Buying from Individuals

Although eBay has almost obliterated secondhand sales, direct sales between individuals saves you money, cuts from the equation idiots who can only use websites linked from AOL, and is often a better way to find CDs being sold by metalheads who want to avoid the hassle and publicity of eBay sales. Involving less work than eBaying CDs, this is rewardingly free from most complexities of modern life and allows you to get stuff too obscure to make return on auction sites.

  1. Ask about CD's that are for sale; if they are in "perfect" condition, it means no scratches; anything less requires explanation in case you will be unable to play those discs on your equipment.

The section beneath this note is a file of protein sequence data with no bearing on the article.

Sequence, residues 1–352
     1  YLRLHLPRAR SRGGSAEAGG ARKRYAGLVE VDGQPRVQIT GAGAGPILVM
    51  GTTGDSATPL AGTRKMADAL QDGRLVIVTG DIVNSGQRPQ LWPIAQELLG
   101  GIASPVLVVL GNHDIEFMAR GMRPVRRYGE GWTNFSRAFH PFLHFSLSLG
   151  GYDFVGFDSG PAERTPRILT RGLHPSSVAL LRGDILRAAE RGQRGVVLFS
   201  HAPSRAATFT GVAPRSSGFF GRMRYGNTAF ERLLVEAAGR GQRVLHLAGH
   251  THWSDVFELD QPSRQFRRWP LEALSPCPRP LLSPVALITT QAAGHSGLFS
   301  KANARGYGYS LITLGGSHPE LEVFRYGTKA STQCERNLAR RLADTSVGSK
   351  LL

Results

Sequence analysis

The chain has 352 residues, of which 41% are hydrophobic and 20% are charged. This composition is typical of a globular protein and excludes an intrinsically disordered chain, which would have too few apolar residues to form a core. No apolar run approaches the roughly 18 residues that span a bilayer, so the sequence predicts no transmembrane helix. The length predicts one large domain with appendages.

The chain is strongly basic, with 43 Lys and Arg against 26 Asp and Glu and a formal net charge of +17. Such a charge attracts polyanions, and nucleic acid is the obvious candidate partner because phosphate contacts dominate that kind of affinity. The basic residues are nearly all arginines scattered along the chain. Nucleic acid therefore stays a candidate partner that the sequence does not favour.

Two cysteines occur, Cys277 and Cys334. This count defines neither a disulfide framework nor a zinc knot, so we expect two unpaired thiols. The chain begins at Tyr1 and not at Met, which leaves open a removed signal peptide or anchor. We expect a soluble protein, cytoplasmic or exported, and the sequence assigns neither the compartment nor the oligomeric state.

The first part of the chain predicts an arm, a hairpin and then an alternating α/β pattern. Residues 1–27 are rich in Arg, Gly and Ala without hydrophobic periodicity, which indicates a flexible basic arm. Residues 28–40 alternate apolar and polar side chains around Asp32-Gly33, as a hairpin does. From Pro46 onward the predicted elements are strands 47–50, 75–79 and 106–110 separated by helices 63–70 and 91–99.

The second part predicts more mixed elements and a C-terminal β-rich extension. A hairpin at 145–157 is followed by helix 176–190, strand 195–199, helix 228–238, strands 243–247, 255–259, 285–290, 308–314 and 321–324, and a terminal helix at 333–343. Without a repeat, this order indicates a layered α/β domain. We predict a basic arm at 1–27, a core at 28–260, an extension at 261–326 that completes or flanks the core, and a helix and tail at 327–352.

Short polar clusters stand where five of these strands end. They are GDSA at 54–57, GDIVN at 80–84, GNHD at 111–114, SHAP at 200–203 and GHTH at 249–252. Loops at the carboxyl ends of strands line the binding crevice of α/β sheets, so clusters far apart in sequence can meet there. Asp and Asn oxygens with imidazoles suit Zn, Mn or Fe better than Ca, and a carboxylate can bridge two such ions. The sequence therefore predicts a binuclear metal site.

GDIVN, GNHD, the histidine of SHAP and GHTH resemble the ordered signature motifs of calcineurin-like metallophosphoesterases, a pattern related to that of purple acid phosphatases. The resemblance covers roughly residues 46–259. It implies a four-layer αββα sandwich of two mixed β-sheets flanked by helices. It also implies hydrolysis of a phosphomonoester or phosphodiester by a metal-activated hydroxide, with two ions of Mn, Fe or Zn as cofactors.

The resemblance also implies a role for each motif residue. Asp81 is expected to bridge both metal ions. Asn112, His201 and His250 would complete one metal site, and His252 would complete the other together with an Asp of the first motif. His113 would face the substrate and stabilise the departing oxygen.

2. Watch for the random but still present phantom sellers who take money and never send discs. If you ask around, there are a number of "bad trader" lists; much as black lists are seen as a destructive factor in human relations, it's easier to avoid someone with a problem delivering than it is to support them so they may ripoff others.
  3. Consider using a P.O. box or rental box unit to keep your home address separate when publishing your address on the net. Coupled with a money order, this affords reasonable anonymity.
  4. Always confirm with an email the availability of a sale item before sending money.
  5. When you find someone you trust to buy from, tell them to use you as a reference (and, if they agree and you have a website, publish a list of trusted traders). This benefits you both as it vouches for the credibility of either with someone who has done business with the other.